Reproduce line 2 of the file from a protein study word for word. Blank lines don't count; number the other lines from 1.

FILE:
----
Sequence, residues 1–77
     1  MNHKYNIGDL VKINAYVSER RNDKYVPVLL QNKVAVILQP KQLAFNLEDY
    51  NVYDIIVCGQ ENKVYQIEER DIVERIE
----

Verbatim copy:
     1  MNHKYNIGDL VKINAYVSER RNDKYVPVLL QNKVAVILQP KQLAFNLEDY